Rehabilitation of historic structure running several months ahead of schedule
Rhode Island Department of Transportation (RIDOT) Director Peter Alviti, Jr. joined with state and local officials in North Smithfield today to celebrate the reopening of the historic Slatersville Stone Arch Bridge. The bridge reopened several months ahead of its originally projected schedule, and overall the project is on track to finish in the 2019 construction season.
The bridge, part of the Slatersville Historic District, is the oldest documented masonry bridge in Rhode Island, dating back to 1855. Deemed structurally-deficient since 2007, large trucks were not permitted to cross it. It was in such an advance state of deterioration that five years ago RIDOT had to close half the bridge with only one lane of traffic allowed to cross the bridge at time, causing traffic delays in the village
«This is one of the most historic bridges in our state, which unfortunately had been left to decay and adversely impact the Town of North Smithfield for years,» Alviti said. «Thanks to the Governor’s RhodeWorks program, we had the funding to not only fix this bridge, but preserve a unique piece of history in the Blackstone Valley.»
The project began in early 2017 and included two closure periods; a brief period from May through July 2017 and the most recent closure of about one year from January 2018 to its reopening on December 21, 2018.
RIDOT initially projected the closures would extend into the summer of 2019, but its contractor MIG Corporation was able to work through the winter of 2017/2018, saving significant time in the schedule. Given the multi-year project bridging two winter shut down periods, RIDOT forecast a spring 2020 completion. Instead, the project is on track to finish in 2019, shaving several months off the entire project schedule.
Gary Ezovski, Administrator for the Town of North Smithfield said, «The Town of North Smithfield applauds the restoration of normal traffic on the Slatersville Bridge. Beyond the detours, we have endured some inconvenience, but we didn’t lift the heavy precast concrete sections. We didn’t have to position and rive the piles or lug the jackhammer to cut through asphalt or concrete. Nor did we have to get into the freezing Branch River water just a couple of weeks ago to pull the sand bags that were diverting river water away from scaffolding. We thank everyone who worked on this project.»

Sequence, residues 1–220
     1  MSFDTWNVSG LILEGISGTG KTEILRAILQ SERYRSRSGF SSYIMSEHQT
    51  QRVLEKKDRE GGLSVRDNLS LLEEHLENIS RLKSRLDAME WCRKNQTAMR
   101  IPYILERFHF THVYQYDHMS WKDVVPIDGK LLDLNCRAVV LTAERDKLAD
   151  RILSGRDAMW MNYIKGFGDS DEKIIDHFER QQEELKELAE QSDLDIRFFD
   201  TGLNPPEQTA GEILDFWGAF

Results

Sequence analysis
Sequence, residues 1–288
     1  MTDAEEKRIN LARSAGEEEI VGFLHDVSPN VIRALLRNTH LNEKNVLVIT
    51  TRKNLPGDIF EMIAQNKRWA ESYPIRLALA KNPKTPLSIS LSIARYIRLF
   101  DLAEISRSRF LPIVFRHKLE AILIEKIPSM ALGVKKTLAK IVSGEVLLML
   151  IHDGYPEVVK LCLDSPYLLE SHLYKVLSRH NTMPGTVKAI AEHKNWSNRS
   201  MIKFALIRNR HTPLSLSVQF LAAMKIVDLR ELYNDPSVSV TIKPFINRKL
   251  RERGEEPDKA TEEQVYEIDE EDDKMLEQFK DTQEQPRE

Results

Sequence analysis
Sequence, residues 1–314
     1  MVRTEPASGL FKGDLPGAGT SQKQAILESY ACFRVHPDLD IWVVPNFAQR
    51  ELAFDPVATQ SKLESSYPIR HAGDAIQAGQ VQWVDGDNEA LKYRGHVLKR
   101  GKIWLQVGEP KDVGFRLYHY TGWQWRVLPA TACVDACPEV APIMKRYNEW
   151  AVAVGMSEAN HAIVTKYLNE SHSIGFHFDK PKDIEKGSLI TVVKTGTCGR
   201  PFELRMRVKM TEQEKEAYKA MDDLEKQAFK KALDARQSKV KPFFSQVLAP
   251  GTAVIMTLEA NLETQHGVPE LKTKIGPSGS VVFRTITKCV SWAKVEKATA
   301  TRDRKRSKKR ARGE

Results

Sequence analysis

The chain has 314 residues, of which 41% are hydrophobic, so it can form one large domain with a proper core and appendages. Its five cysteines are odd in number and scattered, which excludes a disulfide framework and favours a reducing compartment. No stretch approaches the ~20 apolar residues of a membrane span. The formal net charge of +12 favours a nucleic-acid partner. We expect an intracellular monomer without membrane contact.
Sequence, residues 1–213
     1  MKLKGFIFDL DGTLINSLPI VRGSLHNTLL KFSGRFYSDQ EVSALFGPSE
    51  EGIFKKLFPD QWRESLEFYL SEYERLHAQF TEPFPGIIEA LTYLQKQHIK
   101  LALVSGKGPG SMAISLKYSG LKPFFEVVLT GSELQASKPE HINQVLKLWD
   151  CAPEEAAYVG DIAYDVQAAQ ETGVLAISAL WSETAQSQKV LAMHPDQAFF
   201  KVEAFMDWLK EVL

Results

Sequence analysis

The $13.5 million project addressed the structural rehabilitation of the bridge and historic preservation efforts, including rebuilding the historic stone walls on either side of the arch to mirror their original state. Behind the arch and on top of it, modern materials including precast concrete components were used rehabilitate the bridge to meet today’s standards to ensure safety and longevity while preserving the bridge’s historic features.
The project also includes repaving the roadway and building new Americans with Disabilities Act (ADA)-compliant sidewalks and railings that extend up the hill from the bridge, linking it to the center of the village and an existing memorial park.
While the bridge is now open to traffic, it will remain closed to pedestrians until the project wraps up later this year with sidewalk, decorative railing installation and final paving. Some of this work is temperature-sensitive and cannot be done during the winter months.
The Slatersville Stone Arch Bridge rehabilitation project is made possible by RhodeWorks, RIDOT’s ongoing commitment to repair structurally deficient bridges and bring Rhode Island’s transportation infrastructure into a state of good repair, promote economic development, and create jobs. Learn more at www.ridot.net/RhodeWorks.